I was in the Army at a time when there were beer machines in the barracks, dope in many lockers, and cigarettes in our C-rations. I mostly smoked nonfilter cigarettes (usually Pall Malls) because the butts could be “field-stripped”–torn up and scattered outside without leaving a filter as litter. (I stopped smoking soon after getting out of the Army.)
In my barracks at the 95th Civil Affairs Group in Ft. Gordon, GA, you could usually tell when the old supply sergeant who lived in his own room downstairs woke up in the morning. It wasn’t his alarm clock. It was the distinctive sound of the pop-top coming off his can of beer for breakfast.
After I reached the rank of E-5–SP5, the specialist (noncommand) equivalent of buck sergeant–I got my own room upstairs, which PFCs (E-3s) Carter and O’Neill would occasionally borrow to shoot up. By that time, I was the company clerk–and everyone’s servant.
These two happy-go-lucky NYC delinquents, drafted out of Riker’s Island, were fresh back from Vietnam. After each payday, they would make a trip into Augusta to score a fix, come back to the barracks and shoot up, then puke their guts out and sleep it off. Between paydays, O’Neill would hock his stereo to get another fix, then buy it out of hock the next payday. And so the cycle would repeat at roughly weekly intervals.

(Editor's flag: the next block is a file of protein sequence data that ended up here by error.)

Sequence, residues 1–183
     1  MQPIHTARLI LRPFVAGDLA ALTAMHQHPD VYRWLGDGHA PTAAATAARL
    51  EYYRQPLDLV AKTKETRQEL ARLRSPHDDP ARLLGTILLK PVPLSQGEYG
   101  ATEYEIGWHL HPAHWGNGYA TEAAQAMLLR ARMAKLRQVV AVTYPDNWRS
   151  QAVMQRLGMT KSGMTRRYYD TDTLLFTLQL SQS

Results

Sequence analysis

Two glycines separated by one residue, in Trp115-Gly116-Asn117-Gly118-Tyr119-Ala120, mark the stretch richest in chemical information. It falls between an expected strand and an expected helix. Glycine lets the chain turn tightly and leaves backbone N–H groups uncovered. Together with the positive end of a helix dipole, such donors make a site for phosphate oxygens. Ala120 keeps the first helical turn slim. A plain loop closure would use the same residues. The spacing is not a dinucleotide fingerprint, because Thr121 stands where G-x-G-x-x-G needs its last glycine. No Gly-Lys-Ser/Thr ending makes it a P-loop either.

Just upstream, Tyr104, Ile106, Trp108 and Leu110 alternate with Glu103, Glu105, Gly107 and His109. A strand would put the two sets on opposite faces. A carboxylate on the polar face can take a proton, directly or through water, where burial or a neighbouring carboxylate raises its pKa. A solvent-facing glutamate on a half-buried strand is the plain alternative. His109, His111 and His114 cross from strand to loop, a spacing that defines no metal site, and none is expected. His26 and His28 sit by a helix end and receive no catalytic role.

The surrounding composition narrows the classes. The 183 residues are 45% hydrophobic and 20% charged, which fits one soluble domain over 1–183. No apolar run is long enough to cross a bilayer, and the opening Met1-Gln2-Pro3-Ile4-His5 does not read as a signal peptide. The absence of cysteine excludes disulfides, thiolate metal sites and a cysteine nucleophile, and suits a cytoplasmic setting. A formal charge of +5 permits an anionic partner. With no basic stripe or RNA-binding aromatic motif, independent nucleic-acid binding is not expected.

After I bought a used car off a company first sergeant who was leaving, I once made the mistake of agreeing to drive the weekend junkies into Augusta to get their stuff. I took the two New Yorkers (one black, one white) and another local black guy whose name, I believe, was Miles. I parked at a KFC near a housing project and three of us waited while Miles wandered off into the projects in his slovenly fatigues–shirttail and pantsleg half out, boots half unlaced. I started to get nervous after he returned with the goods.
I got even more nervous when they wanted to make another stop, this time at a drug store to buy some syringes. At first, Carter wanted me to go in to get them, since I wasn’t a familiar face. I was to tell them I was a diabetic who needed syringes for my injections of insulin. I was reluctant, and Carter then decided to go himself, so he crossed the street in his slovenly fatigues and got the syringes.
Driving back to base, I was more than nervous. I was scared the police would pull us over for driving while military, for driving while black and white, or for some other arbitrary reason, but I don’t think we even saw any cop cars. In any case, we made it back safely, they got their highs, and they were kind enough not to ask me to make any more runs for heroin.